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Q’orianka Kilcher

“TE ATA” My rating: B 

105 minutes | MPAA rating: PG

Knowing that it was made by Chickasaw Nations Productions and follows the life of a famous Native American storyteller, one might be excused for avoiding “Te Ata” as an earnest endeavor of the sort to make a cynic’s skin crawl.

In truth, this modestly-budgeted, high-impact true story is inspirational in most of the right ways.  A few so-so performances and a couple of clunky moments cannot blunt its emotional power.

The subject is Mary Frances Th0mpson (1895-1995), born in Indian Territory (eventually to become Oklahoma) to a Chickasaw father (Gil Birmingham) and a mother (Brigid Brannagh)  of German descent.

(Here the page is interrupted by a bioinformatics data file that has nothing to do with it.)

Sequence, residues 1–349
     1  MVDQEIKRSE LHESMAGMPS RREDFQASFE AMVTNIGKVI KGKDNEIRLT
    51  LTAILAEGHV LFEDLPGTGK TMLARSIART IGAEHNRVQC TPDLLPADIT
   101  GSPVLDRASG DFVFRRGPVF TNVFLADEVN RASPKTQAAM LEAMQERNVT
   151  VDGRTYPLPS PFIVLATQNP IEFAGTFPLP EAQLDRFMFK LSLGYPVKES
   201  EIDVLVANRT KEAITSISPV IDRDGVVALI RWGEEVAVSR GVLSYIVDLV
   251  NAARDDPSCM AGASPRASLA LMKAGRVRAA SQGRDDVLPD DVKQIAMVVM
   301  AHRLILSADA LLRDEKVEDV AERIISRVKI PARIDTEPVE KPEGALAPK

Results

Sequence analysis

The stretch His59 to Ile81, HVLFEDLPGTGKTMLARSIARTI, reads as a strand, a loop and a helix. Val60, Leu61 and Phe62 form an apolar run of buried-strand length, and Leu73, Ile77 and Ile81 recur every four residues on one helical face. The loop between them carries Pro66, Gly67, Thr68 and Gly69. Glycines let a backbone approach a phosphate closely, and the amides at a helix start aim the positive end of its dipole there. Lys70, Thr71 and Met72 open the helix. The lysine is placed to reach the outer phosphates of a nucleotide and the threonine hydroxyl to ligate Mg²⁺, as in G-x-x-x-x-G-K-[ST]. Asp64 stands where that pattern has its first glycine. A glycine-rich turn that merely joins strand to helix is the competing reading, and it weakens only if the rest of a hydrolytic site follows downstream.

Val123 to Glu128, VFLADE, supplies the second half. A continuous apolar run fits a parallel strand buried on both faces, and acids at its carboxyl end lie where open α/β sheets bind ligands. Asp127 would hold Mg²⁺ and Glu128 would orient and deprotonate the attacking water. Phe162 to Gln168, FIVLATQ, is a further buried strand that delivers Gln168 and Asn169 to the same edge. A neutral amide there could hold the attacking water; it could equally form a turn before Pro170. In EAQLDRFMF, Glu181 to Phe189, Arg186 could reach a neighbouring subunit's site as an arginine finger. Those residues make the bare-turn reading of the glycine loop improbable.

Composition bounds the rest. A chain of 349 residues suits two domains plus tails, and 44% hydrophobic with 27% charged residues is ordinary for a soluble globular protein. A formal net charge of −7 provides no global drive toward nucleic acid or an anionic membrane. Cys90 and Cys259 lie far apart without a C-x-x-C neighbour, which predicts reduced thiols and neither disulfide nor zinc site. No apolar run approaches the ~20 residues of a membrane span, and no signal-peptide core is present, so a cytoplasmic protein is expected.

Raised in a thoroughly Anglicized environment — her uncle (Graham Greene) was governor of the territory and, later, the state —  young Mary Frances was only tangentially aware of her tribal culture, thanks mostly to her father’s retelling of traditional fables.

As a young woman Mary Frances (Q’orianka Kilcher) became the first Native American to attend the Oklahoma College for Women, where a drama instructor (Cindy Pickett) encouraged her to forego the usual recitations from Shakespeare in favor of  the girl’s own rich cultural heritage.

This led to a stint on the chautauqua circuit, where she adopted the stage name Te Ata (Bearer of the Dawn) and donned a traditional buckskin costume for performances that embraced native dances, song and storytelling.

After further studies at Carnegie-Mellon, and a brief and unfulfilling career as a Broadway actress, Mary Frances/Te Ata turned once again to tribal storytelling. Eventually she would become a household name and a visitor to Franklin Roosevelt’s White House.

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